The Bad: Like the league itself, Tollin’s story never really goes anywhere, though his attempt to put a satisfying bow on everything at the end actually ends up cheapening what came before. In the end this is a disappointing story about something very cool being destroyed by someone with selfish motives and that truth gets a little lost in Tollin’s desire to look back fondly on his “halcyon days”.

Final Score:  B-

Watch it on Netflix Instant: LINK

Muhammad and Larry

Director: Albert Maysles and Bradley Kaplan

Running Time: 53 minutes

Subject: A mix of interviews and raw footage tell the story of Muhammad Ali’s training for his final fight with rival Larry Holmes, along with the heartbreaking aftermath.

The Good: The first film in the series that feels like legitimate, theatrical-quality filmmaking. Directed by the man who essentially invented modern documentary filmmaking, the footage captured for a documentary that was ultimately never released (until 30 for 30) shows Ali well beyond his prime but desperately struggling to convince fans and the media that he’s still got it. The footage is both heartbreaking and disturbing as we watch with the benefit of hindsight knowing that Ali was not only fooling himself but may have also been destroying himself in the process.

The Bad: It’s hard to find an ending to this story that doesn’t feel abrupt but ultimately, I’m OK with the somewhat light-hearted ending, showing a jovial, overweight Larry Holmes living out life in relative obscurity. It’s an interesting contrast to Ali, who while still among the most famous and beloved athletes in the world has been tragically diminished both physically and mentally.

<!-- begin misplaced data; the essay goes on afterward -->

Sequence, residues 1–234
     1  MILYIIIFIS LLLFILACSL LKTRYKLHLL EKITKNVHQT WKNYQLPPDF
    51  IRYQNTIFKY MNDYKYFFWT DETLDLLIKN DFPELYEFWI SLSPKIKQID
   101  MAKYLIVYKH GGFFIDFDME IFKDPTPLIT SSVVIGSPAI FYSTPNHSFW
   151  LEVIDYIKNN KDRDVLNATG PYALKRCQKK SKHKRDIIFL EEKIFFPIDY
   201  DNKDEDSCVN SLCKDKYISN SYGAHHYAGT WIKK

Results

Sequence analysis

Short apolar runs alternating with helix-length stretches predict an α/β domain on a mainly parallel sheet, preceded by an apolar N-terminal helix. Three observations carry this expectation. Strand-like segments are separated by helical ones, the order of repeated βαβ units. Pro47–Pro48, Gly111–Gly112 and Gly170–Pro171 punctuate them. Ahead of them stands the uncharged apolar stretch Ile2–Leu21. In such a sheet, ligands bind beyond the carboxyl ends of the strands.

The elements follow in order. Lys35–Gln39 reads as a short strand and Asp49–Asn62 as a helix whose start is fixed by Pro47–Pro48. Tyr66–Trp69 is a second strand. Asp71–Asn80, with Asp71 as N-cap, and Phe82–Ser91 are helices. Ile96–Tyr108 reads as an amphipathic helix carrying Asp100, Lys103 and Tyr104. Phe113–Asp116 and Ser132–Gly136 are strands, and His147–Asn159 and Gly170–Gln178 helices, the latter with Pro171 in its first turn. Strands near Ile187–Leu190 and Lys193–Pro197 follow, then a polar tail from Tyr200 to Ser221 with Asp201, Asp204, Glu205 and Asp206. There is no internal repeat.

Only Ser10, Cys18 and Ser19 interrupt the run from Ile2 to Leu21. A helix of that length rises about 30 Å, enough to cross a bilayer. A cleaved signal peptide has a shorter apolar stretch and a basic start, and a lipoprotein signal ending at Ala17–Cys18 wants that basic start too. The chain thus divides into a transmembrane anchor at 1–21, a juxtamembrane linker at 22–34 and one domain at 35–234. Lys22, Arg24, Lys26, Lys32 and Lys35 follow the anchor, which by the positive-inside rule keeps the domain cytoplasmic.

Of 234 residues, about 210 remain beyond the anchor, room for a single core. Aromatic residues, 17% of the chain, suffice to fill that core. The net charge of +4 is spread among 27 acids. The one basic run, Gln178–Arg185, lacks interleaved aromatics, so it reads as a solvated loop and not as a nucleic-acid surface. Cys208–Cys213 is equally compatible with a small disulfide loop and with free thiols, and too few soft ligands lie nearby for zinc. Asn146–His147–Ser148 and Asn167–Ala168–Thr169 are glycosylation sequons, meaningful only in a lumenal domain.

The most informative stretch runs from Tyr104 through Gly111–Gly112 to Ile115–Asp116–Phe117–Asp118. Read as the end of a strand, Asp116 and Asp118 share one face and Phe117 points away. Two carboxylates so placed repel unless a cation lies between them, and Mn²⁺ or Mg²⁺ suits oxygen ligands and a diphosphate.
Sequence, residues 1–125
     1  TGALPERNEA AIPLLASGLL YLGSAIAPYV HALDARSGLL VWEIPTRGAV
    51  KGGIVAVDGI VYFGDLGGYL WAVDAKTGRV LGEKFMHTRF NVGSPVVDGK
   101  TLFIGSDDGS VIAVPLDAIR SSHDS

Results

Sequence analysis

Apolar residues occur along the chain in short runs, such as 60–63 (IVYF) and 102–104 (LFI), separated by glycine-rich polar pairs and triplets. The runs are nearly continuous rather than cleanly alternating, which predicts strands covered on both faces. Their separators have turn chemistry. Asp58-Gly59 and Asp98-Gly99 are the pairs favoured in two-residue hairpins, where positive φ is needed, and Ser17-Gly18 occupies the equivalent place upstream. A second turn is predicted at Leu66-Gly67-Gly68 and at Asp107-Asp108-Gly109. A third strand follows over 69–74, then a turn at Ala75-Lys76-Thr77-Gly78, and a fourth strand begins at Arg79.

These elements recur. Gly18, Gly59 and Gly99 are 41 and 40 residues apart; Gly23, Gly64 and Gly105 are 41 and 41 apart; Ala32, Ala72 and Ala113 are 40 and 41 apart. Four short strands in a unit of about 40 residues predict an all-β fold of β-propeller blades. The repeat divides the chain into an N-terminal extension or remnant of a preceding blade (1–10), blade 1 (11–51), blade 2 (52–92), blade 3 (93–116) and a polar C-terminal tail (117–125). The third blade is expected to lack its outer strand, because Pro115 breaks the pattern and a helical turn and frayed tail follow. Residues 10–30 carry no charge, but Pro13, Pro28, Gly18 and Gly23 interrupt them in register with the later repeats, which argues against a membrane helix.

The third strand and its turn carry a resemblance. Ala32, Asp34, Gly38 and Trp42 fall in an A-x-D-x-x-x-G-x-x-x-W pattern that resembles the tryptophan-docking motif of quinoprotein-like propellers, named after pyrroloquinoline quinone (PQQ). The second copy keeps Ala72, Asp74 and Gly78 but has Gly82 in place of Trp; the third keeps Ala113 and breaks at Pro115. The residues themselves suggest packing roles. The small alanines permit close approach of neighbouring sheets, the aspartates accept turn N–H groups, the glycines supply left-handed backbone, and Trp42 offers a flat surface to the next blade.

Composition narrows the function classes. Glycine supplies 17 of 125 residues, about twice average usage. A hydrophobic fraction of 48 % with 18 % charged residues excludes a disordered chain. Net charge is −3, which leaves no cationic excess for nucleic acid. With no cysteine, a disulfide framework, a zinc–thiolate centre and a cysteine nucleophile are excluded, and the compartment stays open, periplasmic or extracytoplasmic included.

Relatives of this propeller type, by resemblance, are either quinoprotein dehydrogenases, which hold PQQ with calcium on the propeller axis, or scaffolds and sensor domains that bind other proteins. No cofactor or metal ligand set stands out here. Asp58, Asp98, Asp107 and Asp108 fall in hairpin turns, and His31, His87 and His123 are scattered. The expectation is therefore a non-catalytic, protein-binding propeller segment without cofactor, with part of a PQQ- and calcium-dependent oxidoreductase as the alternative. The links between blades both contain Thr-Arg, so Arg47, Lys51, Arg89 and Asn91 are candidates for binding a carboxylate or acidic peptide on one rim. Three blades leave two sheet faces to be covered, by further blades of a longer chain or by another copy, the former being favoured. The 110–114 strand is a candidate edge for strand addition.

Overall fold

Final Score: A+

Watch it on Netflix Instant: LINK

Without Bias

Director: Kirk Fraser

Running Time: 52 minutes

Subject: Two days after his dreams came true in the NBA Draft, basketball star Len Bias dropped dead from a cocaine overdose.

The Good: This is an incredibly thorough and fair-minded documentary that includes interviews with journalists, friends, family members and coaches that knew Bias at every stage of his life. Obviously, the story is ultimately a sad one but made even sadder by the promise and hope that Bias inspired with his incredible abilities and personality.

The Bad: Hard to find flaws with this one. It’s easily one of the crown jewels of the 30 for 30 series to date.

Final Score: A

Watch it on Netflix Instant: LINK